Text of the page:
Student loan forgiveness resolution on hold until 2023
Dec 6, 2022, 5:00 PM | Updated: Dec 7, 2022, 7:59 am
(Jeffrey D. Allred/Deseret New)
SALT LAKE CITY — Uncertainty continues to loom as President Joe Biden’s student loan forgiveness program remains blocked. The program will stay on hold until the Supreme Court makes a ruling about it next June.
What’s going on with the student loan forgiveness program?
Jason Iuliano, associate professor of law for the University of Utah spoke to Dave and Dujanovic about where the case is so far.
Iuliano said the court issued a writ of certiorari, which calls for a quick resolution because of the importance of the case.
“To put that in perspective, between 1988 and 2019, it’s only been granted three times. And so this is a very, very unusual procedure to get before the Supreme Court.”
Because of the writ, the Supreme Court will hear arguments about the program sometime around February 2023 and issue a ruling in June 2023.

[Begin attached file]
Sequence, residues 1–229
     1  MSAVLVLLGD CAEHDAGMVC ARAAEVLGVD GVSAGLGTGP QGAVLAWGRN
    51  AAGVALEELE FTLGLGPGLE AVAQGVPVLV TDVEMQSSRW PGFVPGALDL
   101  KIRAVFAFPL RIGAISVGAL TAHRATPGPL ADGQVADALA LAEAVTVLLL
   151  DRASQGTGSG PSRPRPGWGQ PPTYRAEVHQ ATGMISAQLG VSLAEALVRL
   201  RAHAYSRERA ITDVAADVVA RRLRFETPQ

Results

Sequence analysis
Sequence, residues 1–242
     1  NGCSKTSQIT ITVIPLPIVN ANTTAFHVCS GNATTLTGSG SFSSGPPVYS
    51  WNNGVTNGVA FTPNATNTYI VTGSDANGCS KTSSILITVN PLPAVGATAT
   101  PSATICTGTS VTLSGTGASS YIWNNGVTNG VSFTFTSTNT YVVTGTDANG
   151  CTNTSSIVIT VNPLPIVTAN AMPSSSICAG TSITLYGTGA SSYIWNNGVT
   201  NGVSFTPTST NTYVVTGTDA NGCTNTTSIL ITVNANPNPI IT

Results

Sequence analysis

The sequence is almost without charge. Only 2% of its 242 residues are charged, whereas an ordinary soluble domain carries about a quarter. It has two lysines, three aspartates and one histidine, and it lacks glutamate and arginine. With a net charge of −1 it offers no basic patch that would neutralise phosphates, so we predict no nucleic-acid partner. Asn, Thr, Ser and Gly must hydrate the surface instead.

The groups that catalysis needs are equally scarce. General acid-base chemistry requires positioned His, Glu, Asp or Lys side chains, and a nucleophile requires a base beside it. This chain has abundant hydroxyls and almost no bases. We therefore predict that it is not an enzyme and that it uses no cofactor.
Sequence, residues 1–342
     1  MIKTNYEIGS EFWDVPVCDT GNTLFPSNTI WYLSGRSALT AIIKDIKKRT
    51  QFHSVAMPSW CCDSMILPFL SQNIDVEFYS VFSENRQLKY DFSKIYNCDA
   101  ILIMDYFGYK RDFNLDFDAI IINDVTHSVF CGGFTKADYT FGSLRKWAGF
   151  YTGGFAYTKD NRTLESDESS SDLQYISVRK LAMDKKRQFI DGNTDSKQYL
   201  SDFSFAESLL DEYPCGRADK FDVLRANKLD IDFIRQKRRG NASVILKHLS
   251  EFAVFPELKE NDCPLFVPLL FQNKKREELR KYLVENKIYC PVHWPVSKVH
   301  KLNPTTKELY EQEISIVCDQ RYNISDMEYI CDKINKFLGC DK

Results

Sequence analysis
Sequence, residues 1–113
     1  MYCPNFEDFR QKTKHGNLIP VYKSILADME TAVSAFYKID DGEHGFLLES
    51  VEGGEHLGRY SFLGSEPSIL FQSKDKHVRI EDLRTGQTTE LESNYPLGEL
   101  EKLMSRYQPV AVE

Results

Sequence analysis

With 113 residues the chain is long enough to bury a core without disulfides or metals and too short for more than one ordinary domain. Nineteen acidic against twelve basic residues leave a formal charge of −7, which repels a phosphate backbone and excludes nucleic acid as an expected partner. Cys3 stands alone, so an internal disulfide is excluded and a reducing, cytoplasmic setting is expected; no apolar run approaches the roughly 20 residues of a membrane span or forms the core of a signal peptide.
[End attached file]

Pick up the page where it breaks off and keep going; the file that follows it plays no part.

Iuliano believes there’s a high chance the Supreme Court will strike the program down.
“Odds are the Supreme Court finds that the forgiveness overstepped the bounds of the executive authority,” Iuliano said.
Though the Supreme Court’s decision will focus on student loan actions, Iuliano said the decisions made by lower courts could make waves.
Iuliano said the lower courts invoked the Major Questions Doctrine.
“What that says is that when Congress delegates action, if it’s very, very sweeping in magnitude, the power that they’re giving to the executive, they need to be very, very explicit in the bill, that this is the type of power that they want the President to have.”
That doctrine could be in other cases about recent executive actions.
“This is a much, much bigger case than just student loan debt,” Iuliano said.
Iuliano said that, for those who can’t afford to make payments toward their student loan debt, bankruptcy can be an option.
Though it’s a common belief that filing for bankruptcy won’t eliminate student debt, Iuliano said about 50% of people who file have their student debt discharged.
While the Department of Education often fought against student loan debt being wiped out, it made a recent move that might make things easier on debtors.
“The Department of Education has actually come out with these set of standards for their own internal criteria for when they will stop challenging these cases,” Iuliano said.
Iuliano said he was more optimistic about filing for bankruptcy than he was about the chances the Supreme Court upholds Biden’s program.